2. Organizational: Gaps between departments, caregivers, levels of the organization

Organizational gaps between departments, caregivers, and the different levels of an organization can also impact care.

When different departments in a hospital are not on the same page, safety issues arise. For example, some nurses may misunderstand the proper chain of command, or caregivers could receive confusing information from different departments. This become obvious if a nurse floats from one floor to another and finds they follow entirely different communication practices for the same procedures and care.

These challenges bring up safety issues in nursing. How can a nurse effectively care for patients if communication issues between various physicians and people in leadership distract them?

An IDS can help resolve some of these management problems in healthcare organizations. A well-executed IDS will unify departments and prevent misunderstandings between all levels of leadership – including nurses, surgeons, and physicians.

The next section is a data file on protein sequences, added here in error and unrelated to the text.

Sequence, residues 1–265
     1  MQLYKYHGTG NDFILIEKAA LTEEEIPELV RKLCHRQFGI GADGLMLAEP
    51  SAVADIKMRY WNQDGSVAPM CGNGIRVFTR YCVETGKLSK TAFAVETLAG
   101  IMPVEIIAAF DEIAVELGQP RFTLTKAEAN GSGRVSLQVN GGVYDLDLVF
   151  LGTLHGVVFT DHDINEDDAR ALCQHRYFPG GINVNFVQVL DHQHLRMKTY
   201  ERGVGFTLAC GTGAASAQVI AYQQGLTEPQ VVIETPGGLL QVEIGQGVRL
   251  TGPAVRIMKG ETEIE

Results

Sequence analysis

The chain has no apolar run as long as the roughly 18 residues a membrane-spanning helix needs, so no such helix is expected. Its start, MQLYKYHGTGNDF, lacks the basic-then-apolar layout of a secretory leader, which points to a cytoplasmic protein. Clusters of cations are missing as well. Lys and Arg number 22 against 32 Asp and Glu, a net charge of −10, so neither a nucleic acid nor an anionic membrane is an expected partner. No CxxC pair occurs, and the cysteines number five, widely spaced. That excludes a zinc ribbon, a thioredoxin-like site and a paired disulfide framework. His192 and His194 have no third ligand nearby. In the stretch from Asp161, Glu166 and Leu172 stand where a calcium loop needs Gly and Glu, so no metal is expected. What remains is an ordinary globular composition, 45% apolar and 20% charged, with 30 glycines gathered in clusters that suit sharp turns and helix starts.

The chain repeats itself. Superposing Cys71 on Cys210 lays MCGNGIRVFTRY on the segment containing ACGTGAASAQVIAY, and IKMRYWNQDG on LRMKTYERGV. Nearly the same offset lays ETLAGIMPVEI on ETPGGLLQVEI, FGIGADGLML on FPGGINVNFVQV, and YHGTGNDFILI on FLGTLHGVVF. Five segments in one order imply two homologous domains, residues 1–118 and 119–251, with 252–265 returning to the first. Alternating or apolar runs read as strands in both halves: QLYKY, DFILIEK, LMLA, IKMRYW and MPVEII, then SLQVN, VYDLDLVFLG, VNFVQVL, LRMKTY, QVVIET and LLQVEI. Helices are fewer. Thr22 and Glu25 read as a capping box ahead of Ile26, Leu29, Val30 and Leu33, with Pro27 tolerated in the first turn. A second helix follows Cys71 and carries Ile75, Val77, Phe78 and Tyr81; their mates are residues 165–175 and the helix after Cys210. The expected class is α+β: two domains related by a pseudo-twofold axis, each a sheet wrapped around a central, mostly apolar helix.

3. Geographic: Gaps in technology, process, and functionality across locations

Of all of the healthcare issues related to communication, geography might be the most familiar to nurses. Some hospitals and health care offices use advanced technology, while others are lagging. A simple request for medical records can either be answered in a flash with the correct technology, or take extra time with outdated tech.

Gaps in process is another challenge. The order in which doctors and nurses treat patients at one location might be different at another location, and this can have an effect on the patient. Even simply going from a local doctor’s office to the nearby hospital can create frustration for the hospital physician, who is left wondering, “Why didn’t the primary care physician request this lab before the patient came here?”

A unified IDS can help solve many of today’s healthcare issues. If all nurses and health care providers follow the same processes and use the same technology, they will have more time to focus directly on the patient and their symptoms.

4. Cultural: Differences in values, beliefs, and practices across the organization

Another problem with US healthcare is the wide variety of cultural differences from one provider or office to another. There are even differences that cause issues within the same organization between the staff.